- Make the appointment. When patients start asking numerous questions on the phone, your response should be to defer to the doctor. “That’s a great question. Be sure to ask Dr Smile when you come in.” Another way to handle numerous specific questions is to say, “Each person is different and treatment is always customized. Dr Smile will do an examination and take an x-ray. Then he will sit down with you and discuss the specifics of your case and answer all your questions.” You can then move on to close the conversation: “Do you prefer mornings or afternoons?”
As dental practices adapt to the new realities of dental marketing, doctors should keep in mind that they need collaboration both inside and outside the office. Inside the office, team training is more important than ever because there is world of difference between Internet shoppers (some of whom become great patients) and more traditional patients who are referred by family, friends or other professionals. Outside the office, practices need to collaborate with those who have the both the expertise to run a marketing program and the skills to make the team an important part of the process.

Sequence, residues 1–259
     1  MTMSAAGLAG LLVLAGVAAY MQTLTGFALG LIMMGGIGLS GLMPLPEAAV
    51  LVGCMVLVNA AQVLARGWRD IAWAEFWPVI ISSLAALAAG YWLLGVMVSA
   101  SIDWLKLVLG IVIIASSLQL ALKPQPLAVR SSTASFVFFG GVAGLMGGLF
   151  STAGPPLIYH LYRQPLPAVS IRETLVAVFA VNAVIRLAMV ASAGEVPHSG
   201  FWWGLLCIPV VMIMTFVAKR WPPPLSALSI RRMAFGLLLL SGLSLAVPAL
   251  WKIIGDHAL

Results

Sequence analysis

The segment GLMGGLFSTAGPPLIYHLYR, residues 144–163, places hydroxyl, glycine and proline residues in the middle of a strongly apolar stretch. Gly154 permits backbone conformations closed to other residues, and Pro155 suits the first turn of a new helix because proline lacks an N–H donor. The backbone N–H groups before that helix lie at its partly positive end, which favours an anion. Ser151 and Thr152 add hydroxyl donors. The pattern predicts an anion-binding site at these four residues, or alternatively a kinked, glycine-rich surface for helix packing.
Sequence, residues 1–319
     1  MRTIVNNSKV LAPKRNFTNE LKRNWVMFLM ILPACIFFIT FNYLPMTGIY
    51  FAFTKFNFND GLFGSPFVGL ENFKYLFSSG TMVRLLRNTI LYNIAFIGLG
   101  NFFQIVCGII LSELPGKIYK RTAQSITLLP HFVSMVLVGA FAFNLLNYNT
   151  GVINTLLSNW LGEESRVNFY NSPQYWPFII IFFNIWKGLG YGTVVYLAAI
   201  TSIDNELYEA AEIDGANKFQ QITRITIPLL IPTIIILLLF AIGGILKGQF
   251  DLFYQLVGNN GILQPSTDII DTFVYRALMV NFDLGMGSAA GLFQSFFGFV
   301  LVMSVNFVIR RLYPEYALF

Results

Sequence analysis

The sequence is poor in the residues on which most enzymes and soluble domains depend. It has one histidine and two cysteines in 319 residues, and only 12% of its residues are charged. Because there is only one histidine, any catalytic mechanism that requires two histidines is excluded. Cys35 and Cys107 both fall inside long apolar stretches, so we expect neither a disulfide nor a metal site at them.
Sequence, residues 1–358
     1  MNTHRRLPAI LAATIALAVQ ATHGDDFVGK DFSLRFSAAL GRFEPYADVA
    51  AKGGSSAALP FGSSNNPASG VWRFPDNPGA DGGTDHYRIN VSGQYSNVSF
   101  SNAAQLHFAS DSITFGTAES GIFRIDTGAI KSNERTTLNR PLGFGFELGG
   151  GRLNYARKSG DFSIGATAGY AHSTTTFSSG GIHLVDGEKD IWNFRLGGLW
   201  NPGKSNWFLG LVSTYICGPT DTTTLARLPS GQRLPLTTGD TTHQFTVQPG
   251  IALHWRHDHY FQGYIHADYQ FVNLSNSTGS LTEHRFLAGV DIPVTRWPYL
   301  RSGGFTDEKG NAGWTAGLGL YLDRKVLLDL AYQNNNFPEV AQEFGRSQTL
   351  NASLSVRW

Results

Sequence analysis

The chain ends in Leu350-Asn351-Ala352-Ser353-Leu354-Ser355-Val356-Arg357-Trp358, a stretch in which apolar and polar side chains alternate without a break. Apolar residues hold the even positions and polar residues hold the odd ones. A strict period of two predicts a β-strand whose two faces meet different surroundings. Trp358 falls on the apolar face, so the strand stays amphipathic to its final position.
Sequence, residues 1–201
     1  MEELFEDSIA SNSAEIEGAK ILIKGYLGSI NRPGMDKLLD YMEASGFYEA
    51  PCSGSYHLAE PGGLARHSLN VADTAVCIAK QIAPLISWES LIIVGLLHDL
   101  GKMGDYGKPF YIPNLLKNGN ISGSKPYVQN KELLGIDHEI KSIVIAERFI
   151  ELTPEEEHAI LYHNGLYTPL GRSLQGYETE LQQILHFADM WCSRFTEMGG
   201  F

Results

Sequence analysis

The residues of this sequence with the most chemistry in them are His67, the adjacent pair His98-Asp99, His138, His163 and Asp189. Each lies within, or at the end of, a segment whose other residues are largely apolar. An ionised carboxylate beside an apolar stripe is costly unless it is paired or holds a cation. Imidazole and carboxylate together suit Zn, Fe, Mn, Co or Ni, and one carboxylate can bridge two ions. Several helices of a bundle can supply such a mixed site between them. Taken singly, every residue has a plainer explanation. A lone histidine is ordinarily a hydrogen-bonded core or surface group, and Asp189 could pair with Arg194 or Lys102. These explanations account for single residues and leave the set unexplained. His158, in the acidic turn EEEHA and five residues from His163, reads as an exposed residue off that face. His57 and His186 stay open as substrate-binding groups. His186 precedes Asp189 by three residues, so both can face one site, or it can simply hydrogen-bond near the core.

The new paradigm is more complex than the simpler model it
replaces, but the end result is that patients with significant dental needs can
be identified, educated and treated appropriately.